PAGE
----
Nearly Half of Workers Say Bosses Have Taken Credit for Their Work

Majority say managers don’t help them advance their careers
A woman on a phone call

If you’re looking for a boss to nurture your career and inspire you to do your best work, you may have a difficult time finding one. In fact, some workers believe their managers have hurt them professionally, a new survey suggests.

An employee’s relationship with their boss can color the way that worker perceives the workplace experience. For example, a bad employee review is one of the top reasons workers quit.

To gain insight into this important relationship, organizational consulting firm Korn Ferry surveyed 804 respondents. It found that, in many cases, the rapport between employee and manager leaves something to be desired.

In some cases, employees believe their bosses have set out to hurt their chances of success.

For example, nearly half of respondents (48%) said their boss has taken undue credit for work that they have done. Thirty-nine percent said their boss has thrown them under the bus at some point.

Other employees don’t feel their managers give them the professional support they need. Only 42% of respondents said their manager helps them advance their career.

Through studies of employees’ and managers’ talents, analytics firm Gallup has detailed traits that are typically found in good managers. One such trait is the ability to motivate their employees to work hard and perform for the company. However, the Korn Ferry survey found that more than half of respondents (56%) said their boss either motivates them very little or not at all.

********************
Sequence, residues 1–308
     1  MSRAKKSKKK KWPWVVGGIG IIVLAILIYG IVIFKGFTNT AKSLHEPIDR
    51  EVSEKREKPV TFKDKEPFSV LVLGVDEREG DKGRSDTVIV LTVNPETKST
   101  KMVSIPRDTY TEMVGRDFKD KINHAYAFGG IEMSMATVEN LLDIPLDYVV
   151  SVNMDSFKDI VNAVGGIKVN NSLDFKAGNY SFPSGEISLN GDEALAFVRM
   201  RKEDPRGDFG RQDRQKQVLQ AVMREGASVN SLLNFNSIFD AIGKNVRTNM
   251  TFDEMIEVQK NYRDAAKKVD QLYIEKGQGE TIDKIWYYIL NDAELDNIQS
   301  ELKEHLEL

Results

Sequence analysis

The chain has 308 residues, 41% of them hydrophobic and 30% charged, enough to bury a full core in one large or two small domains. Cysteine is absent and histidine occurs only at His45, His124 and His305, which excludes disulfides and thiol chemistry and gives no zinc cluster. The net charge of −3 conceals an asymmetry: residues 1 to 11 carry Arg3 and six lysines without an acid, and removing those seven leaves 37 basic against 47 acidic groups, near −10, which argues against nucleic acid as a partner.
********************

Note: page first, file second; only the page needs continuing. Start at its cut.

Not only do many employees feel uninspired by their bosses, but some believe they could teach their bosses a little something. In fact, 40% of respondents said they could do their boss’s job better than their manager. However, only 32% would be interested in taking their boss’s job.

The good news is a majority of respondents (65%) said they have learned something from their bosses, and only 25% of respondents believe they are smarter than their bosses. More than a third of employees (35%) even consider their boss to be a friend.

Since employees typically spend much of their time at work, dealing with a boss who is not supportive can be frustrating and stressful. However, with the U.S. unemployment rate at a 50-year low as of October 2019, this could be an optimal time to start sending out resumes. If you do decide to look for a new job, take steps to prepare yourself, including learning how to perform better in a job interview. Also, take steps to shore up your finances if you’re thinking about making a career change.

Tamara E. Holmes

Tamara E. Holmes is a Washington, DC-based writer who covers personal finance, entrepreneurship and careers.

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